"But we didn’t dare to claim our salary," he says. "One of my friend said 'have you seen all of these anonymous dead body floating around near by the port? Those are the people that complain'."
Wai Yan is not alone. Fellow Burmese migrant Nyan described typical working conditions: "When working, we invest our whole life, we are in their hands and there is nothing we can do about it. When given orders we have to follow...we have to eat when they say, sleep when they say. There absolutely no excuse for anything. It's really bad. When I made mistakes sorting the fish, they would hit me with a metal stick. They even tried to shoot me", Nyan says.
Working undercover, The Ecologist managed to gain access to several trawlers fishing offshore. We were shown typical tiny living quarters consisting of crudely slatted boards for sleeping set under waist-high ceilings, bare but for a few items of clothing, rusty knives and the fitted ship horns ready to wake the crew for the round-the-clock toil of sorting the catches.
We were told of captains force-feeding amphetamines to half-starved crew members, the routine killing of crew members who complain and Burmese migrants leaping from the backs of vessels in suicidal bids to escape the torment of life at sea.
One man we spoke to described a killing he witnessed: "The captain took his gun and shot him until he fell off the boat. He fell in the gap between the two boats. He didn't die right away, he tried to come up, but the captain just gave him another shot until he sank away...I've seen this happen twice", he said.
The supermarket link
Thai fishing fleets trawl the rich coastline areas of the Gulf of Thailand and the Andaman Sea. During this investigation, crew members in some of the largest ports told The Ecologist how the fleets routinely fish illegally in the waters of other countries, most commonly in Burma and Malaysia, but also as far as Bangladesh, Indonesia and even Australia.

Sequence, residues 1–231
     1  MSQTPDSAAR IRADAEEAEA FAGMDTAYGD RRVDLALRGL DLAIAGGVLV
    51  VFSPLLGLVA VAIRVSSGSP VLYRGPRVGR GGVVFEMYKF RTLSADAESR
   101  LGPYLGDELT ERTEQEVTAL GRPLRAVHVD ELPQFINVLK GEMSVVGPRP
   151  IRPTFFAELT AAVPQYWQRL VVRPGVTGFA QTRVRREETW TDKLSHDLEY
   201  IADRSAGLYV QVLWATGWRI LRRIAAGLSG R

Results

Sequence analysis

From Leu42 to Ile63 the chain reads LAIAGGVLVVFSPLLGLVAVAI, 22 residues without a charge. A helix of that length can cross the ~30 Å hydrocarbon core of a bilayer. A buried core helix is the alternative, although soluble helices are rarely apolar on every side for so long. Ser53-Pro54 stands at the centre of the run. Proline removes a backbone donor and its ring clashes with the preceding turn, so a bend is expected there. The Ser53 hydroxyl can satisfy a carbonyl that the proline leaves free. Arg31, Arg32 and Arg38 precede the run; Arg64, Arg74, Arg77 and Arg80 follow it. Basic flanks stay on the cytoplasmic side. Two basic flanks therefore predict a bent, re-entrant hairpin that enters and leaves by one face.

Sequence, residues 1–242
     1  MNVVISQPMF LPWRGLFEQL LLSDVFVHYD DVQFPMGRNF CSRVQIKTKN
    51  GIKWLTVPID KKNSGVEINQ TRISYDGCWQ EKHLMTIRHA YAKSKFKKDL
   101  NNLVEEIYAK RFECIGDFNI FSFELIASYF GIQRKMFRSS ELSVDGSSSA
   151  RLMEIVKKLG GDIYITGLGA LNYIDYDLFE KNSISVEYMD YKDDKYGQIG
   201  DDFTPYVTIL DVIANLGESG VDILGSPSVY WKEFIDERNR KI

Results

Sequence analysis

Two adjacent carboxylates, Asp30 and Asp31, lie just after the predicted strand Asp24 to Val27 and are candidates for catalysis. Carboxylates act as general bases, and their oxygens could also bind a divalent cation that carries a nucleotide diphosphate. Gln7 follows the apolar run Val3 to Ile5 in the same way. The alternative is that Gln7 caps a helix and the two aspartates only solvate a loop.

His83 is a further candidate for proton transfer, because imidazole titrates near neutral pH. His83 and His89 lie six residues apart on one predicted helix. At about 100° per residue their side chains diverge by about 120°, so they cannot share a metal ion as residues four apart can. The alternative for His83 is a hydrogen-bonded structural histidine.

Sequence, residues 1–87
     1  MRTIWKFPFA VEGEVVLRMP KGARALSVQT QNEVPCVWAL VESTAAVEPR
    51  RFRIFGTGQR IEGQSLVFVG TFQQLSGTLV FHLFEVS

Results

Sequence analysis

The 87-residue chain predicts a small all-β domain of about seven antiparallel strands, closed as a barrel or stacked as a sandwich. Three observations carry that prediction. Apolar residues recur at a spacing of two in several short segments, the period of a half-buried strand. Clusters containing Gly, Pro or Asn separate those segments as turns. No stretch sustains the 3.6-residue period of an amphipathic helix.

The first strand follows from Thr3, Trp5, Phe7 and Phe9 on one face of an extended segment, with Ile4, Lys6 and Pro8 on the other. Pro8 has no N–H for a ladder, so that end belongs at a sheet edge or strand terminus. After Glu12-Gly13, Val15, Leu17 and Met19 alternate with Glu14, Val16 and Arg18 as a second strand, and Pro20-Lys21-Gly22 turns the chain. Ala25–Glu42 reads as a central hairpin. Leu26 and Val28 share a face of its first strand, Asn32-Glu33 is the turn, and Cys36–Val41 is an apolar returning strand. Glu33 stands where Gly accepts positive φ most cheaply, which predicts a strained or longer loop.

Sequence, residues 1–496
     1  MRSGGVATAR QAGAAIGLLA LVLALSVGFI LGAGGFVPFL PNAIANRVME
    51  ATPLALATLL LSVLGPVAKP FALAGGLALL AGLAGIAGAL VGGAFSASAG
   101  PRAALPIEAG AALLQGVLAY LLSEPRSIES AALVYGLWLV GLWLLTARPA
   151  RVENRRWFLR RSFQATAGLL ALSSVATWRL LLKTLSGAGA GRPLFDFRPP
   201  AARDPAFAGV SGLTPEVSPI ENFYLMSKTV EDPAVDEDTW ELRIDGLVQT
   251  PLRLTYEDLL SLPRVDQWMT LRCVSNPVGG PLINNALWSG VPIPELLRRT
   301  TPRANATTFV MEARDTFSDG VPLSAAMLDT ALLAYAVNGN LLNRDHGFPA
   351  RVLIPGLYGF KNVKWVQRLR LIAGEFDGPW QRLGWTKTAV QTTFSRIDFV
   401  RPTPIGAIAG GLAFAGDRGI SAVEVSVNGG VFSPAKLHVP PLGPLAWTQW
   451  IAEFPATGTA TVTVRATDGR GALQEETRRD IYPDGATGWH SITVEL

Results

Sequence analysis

Out of sight and out of mind, illegal, unregulated and untraceable fishing fleets often use destructive fishing gear to wreak havoc on marine ecosystems across South East Asia in the lucrative hunt for evermore fish and "trash fish" destined to be used as feedstuffs that are ultimately linked to Western supermarket shelves.
Alongside the concern over illegal fishing, there is an equally challenging task for fish suppliers and governments who want to make the food we eat more sustainable.
"Labour conditions in the fishing industry represents the next big challenge to organisations that want seafood to be sustainable and ethical. There are numerous instances of appalling labour conditions on fishing boats – in both developed and developing countries – and yet none of the current certification schemes address this problem", says Blake Lee Harwood from the Sustainable Fisheries Partnership, an organisation that works closely with the retail industry trying to improve the sustainability of fishing practices around the world.
But campaigners claim that efforts by NGOs and retailers have so far only really focused on the processing plants rather than what is happening out at sea. Until this final hurdle is addressed, they claim, the fate of the thousands of Burmese migrants currently at sea continues to hang in the balance.
The names of the Burmese fishermen interviewed for this article have been changed to protect their identity.
Check out Fish Fight
If you live in the UK, you can catch Hugh's Fish Fight on Channel 4 from 9pm–10pm GMT. Sign up to Fish Fight if you want to help Save Our Seas.